I swear that my car is riding an inch higher on the new tires I bought this morning. And the gently ominous flapping sound that I thought was emanating from my engine has disappeared. And the on-road handling of my vehicle is so much better that it’s like having a whole new car.
To say that my old tires were worn…well, you know the “penny test” that you are supposed to do to see if your tires are ready for replacement? The one where, if you are glimpsing the top of Lincoln’s head, you should hie thee to the tire and auto center as fast as your rims will carry you? Well, I could see air above his head. Really shockingly bad—it’s a wonder I was stopping at all, new brakes or not. But I hadn’t been paid for the estate sale work since January, because we hadn’t had an estate sale until last weekend (and then, in quick succession, another this weekend). I received a decent check for my labors Saturday afternoon, and it went off in the mail to my bank this morning.
Despite the paycheck, between the new tires ($400 at Walmart) and my personal income taxes, the next month or two is going to be tight. Too much so, in fact, for me to go on an anticipated trip to Peru with a girlfriend and her coworker in May. I was really looking forward to it—they are spending three days in Ecuador and then continuing on to Lima, from which they’ll travel to Machu Pichu. But I owe $3500 in taxes (in addition to the almost $1400 I’d pre-paid) and then there’s an estimated quarterly tax bill of $1000 for this year that’s due at the same time. This has effectively quashed all my semi-exotic travel plans, and made me wonder what appealing domestic destinations I’ll have to forego. I’m going to have to dip into my savings to pay the feds. Between my rent and these taxes, I took home $4000 (yes, just 4 grand!) last year to feed, clothe and entertain myself for the twelve-month duration—a little less than $400 a month. This is probably a princely sum in most parts of the globe, so I don’t want to whine like a rich American brat, but though I do live frugally thanks to coupon-clipping and second-sale market purchases, this is still relatively little to make do on for someone living in the DC area. And gas is running at more than $4 a gallon and I put a good 40 to 50 miles on my car every day. Thank God, it’s fuel efficient and that they are mainly highway miles!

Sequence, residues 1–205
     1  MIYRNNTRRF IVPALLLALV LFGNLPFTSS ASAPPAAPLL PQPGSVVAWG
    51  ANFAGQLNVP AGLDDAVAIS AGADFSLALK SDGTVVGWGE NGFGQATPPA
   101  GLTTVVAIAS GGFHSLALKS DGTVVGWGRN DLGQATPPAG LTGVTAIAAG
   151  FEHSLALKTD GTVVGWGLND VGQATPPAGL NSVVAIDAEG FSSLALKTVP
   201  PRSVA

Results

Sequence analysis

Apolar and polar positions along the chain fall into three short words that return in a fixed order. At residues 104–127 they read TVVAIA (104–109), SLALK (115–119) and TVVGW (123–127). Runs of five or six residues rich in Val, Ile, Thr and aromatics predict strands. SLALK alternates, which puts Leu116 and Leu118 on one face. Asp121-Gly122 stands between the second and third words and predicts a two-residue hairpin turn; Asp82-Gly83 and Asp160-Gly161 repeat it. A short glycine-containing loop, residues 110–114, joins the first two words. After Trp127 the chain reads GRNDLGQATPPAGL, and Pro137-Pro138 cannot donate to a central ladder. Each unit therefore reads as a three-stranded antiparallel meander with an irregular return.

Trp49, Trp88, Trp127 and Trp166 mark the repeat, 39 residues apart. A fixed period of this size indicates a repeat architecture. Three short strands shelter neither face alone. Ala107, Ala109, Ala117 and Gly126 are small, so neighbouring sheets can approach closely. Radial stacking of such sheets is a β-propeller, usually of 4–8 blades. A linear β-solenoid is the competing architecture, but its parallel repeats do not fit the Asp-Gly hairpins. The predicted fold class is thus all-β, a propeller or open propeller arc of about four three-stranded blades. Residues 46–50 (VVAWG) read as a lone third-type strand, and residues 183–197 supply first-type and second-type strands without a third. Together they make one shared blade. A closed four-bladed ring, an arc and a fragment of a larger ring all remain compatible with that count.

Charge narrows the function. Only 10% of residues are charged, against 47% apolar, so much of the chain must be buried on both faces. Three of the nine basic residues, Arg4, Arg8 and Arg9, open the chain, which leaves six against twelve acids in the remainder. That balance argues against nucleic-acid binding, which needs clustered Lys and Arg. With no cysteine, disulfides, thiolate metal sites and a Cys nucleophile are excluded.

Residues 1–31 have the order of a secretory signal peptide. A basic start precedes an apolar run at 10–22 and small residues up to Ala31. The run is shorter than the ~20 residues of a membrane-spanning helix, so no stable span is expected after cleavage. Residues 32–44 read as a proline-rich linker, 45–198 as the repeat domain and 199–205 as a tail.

And maybe the new tires will help a bit with my energy bills, too. And maybe my brother Bob, who is coming to spend the summer with me, will help with my electric bill, if nothing else. I had to turn the AC on last week, and it was then only March! Heaven knows what heat the summer will bring.